Eating Insects --- Is It Healthy for You?
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November 22, 2016
By Louise Carr, Associate Editor and Featured Columnist







Whenever Bugs, critters, insects, creepy crawlies; you may
spend most of your time trying to avoid them. It’s normal
to get out the bug spray, but how likely are you to get out
the frying pan and cook up some tasty bugs? Not very
likely, if you live in the West.

But a recent report from the UN says: Eat More Insects. Not
only do edible insects make up the diet of millions of people
in the world, they are also amazingly good for us.

Still not convinced that crawling creatures belong on the
plate? Take a look at why edible insects can solve health
and food problems around the world – and make a
difference to your wellbeing.

The UN's Advice -- Eat More Insects

A 2013 report from the Food and Agriculture Organization
goes into immense detail about edible insects and the
conclusion is, we should all consider insects as part of our
diet. The UN says there are more than 1,900 species of
edible insect on earth. Hundreds of insects are already part
of the diet of many different countries. In fact, nearly two
billion people eat insects on a regular basis. Cooked and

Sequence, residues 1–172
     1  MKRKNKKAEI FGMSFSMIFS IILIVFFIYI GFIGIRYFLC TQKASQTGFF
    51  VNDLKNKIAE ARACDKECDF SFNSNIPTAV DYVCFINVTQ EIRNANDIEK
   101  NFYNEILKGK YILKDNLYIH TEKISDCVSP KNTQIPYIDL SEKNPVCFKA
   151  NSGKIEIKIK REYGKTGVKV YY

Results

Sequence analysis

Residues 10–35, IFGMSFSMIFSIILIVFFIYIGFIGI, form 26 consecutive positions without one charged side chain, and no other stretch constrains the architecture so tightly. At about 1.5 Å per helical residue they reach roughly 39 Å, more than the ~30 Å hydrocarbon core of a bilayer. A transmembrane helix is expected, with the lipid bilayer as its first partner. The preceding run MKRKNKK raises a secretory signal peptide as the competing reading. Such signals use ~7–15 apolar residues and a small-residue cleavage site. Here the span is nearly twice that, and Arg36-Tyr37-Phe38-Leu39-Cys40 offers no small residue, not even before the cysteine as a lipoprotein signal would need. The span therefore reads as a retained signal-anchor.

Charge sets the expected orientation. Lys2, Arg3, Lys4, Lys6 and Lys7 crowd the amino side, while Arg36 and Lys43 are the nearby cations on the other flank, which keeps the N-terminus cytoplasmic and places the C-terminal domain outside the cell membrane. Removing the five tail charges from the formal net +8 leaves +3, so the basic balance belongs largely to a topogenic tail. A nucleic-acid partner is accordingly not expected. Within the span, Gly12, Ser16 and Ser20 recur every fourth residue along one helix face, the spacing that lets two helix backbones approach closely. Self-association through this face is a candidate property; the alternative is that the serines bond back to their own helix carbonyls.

raw. It’s only in the US and other Western countries where
edible insects make us squeamish.

But is running away from or battling the bugs the right
attitude? For a start, insects are full of essential nutrients
like protein, healthy fats, minerals, fiber, and more good
stuff.

Eating many insects can really pack a nutritional punch.
Plus, with the global population set to reach nine billion in
2050, it’s clear the world needs a solution to food
shortages.

Insects provide nutritional food at a low cost to the
environment and to the pocket. But these benefits are
largely unknown, or overlooked, by the majority of the
population.

Insects --- Who Eats What?

The consumption of insects for food is called
"entomophagy".

Experts say 36 countries in Africa are entomophagous, as
are 23 in the Americas, 29 countries in Asia, and –
surprisingly – 11 in Europe.

The most commonly eaten insects around the world are,
according to the UN’s 2013 report, beetles (31 percent),
caterpillars (18 percent) and bees, wasps and ants (14
percent).

After these are grasshoppers, locusts and crickets (13
percent), cicadas, leafhoppers, planthoppers, scale insects
and true bugs (10 percent), termites (3 percent),
dragonflies (3 percent), flies (2 percent) and other insects
(5 percent).

What Are the Nutritional Benefits of Eating Insects?




























Since it’s not common to consume any of these insects in
the US, you may be surprised to learn that edible insects
are a highly nutritious food source.

Of course, the nutritional value of insects varies depending
on the species but big-hitting nutrients include high levels
of healthy fats, protein, vitamins, and
fiber.

For example, mealworms contain similar levels of
unsaturated omega-3 and fatty acids to fish, and higher
levels than are found in meat.

A 2016 study from the School of Marine Sciences, at
Ningbo University in China, and King's College London, in
the United Kingdom, analyzed the nutritional profiles of
crickets, grasshoppers, buffalo worms, and mealworms.

The results were surprising. Crickets, for example,
contained more iron than beef. And the nutrients copper,
zinc, manganese, magnesium, and calcium in crickets,